Seven-time Emmy-winning actor Ed Asner, who starred as Lou Grant on both sitcom “The Mary Tyler Moore Show” and hourlong drama “Lou Grant” before a late-career rejuvenation through his poignant voicework in 2009 animated film “Up,” has died. He was 91.
His publicist confirmed the news to Variety, writing that he died on Sunday surrounded by family. Asner’s official Twitter account posted a message from his family, saying “Goodnight dad. We love you.”
Asner had worked for many years as a character actor in series television and movies before hitting paydirt and stardom as the tough-talking TV newsroom head Lou Grant on “The Mary Tyler Moore Show,” which brought him three supporting actor Emmys. When the sitcom called it quits, he returned as the same character in a harder-hitting hourlong series, which earned him two leading actor Emmys and a total of five noms. The actor picked up two additional Emmys for his work on the miniseries “Rich Man, Poor Man” and “Roots,” and won a total of seven.
More recently he appeared on “Grace & Frankie,” “Cobra Kai” and provided voices for “American Dad!”
The avuncular but hard-nosed Asner also served as a controversial president of the Screen Actors Guild. During his time in office, which started in 1981, he was criticized for making political statements about U.S. involvement in El Salvador. His outspokenness may have cost him his $60,000-per-episode salary on newspaper-centered series “Lou Grant,” which CBS controversially cancelled after five seasons, as well as other lucrative offers. He nonetheless continued to criticize the industry’s labor standards and fight for unionism.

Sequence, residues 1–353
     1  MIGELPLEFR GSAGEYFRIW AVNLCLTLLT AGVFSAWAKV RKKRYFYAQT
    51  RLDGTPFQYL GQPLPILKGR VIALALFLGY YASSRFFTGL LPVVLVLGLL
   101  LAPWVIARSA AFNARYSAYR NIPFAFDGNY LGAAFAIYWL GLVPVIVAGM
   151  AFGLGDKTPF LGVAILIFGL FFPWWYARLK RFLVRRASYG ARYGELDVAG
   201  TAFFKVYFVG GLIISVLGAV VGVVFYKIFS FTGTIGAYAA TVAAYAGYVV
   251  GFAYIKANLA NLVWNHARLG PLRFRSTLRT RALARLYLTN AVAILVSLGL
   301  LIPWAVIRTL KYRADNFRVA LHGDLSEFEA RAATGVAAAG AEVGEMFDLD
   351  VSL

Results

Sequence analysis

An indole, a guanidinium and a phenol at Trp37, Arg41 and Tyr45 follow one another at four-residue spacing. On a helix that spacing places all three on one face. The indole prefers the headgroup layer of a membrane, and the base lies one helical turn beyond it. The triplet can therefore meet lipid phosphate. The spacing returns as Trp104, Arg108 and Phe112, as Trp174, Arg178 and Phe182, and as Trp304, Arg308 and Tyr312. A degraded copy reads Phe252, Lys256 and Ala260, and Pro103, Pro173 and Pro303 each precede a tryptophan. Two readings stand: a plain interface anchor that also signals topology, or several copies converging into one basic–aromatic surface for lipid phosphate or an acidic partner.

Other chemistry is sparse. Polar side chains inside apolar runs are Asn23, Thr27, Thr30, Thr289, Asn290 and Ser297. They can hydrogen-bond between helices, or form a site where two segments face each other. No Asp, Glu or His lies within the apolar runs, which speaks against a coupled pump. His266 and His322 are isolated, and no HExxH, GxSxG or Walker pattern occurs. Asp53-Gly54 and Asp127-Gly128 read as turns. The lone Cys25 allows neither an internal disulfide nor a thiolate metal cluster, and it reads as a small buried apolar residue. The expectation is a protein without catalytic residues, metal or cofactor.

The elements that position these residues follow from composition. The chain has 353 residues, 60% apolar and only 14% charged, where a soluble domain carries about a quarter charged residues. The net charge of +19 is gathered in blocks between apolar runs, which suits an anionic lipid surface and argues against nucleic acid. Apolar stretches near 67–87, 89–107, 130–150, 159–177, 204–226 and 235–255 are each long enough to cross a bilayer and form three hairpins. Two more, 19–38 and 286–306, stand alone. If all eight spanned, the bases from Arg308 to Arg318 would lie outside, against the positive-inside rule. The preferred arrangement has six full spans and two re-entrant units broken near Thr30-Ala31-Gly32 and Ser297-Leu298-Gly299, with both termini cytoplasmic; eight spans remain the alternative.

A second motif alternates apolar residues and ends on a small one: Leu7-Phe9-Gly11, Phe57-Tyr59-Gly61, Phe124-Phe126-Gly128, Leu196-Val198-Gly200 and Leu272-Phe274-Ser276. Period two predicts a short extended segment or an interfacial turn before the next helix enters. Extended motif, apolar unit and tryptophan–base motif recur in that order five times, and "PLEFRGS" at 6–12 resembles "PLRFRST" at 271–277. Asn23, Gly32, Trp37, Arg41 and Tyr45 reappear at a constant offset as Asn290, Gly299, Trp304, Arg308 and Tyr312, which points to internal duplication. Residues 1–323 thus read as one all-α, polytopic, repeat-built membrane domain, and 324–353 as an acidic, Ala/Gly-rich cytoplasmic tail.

Asner also fought a tempestuous battle for the commingling of SAG and the Screen Extras Guild to which there was opposition from within the ranks, most loudly vocalized by actor Charlton Heston, which brought the two thesps to the brink of libel action.
Asner had rarely been active in politics or union activities, but he was vocal during the crippling 1980 SAG strike, the results of which prompted him to run for the office, which he won the next year. His battles included improving the employment and compensation conditions for actors as well as uniting SAG and SEG, which eventually came to pass; he also championed a SAG-AFTRA merger, but changed his view by 2012, when members approved the combination after Asner and other union activists failed to persuade a judge to grant a court order preventing the vote.
But he drew fire with his public pronouncements against U.S. involvement in El Salvador, which many saw as an abuse of his SAG office. While he was president an award to a former SAG president, Ronald Reagan, was rescinded because of the now U.S. president’s dissolution of the air traffic controllers’ union — although Asner himself did not vote on it. He also protested South Africa’s apartheid policies while in office.
Such controversies drew fire from Heston, an avid Reaganite, and a duel began that almost wound up in court. Asner was elected to another two-year term in 1983, winning by a landslide, after which he stepped down in 1985, throwing his support to Patty Duke. He continued to defend his political activism, calling it not a “luxury, but a necessity,” throughout his life.
(Excerpt) Read more in: Variety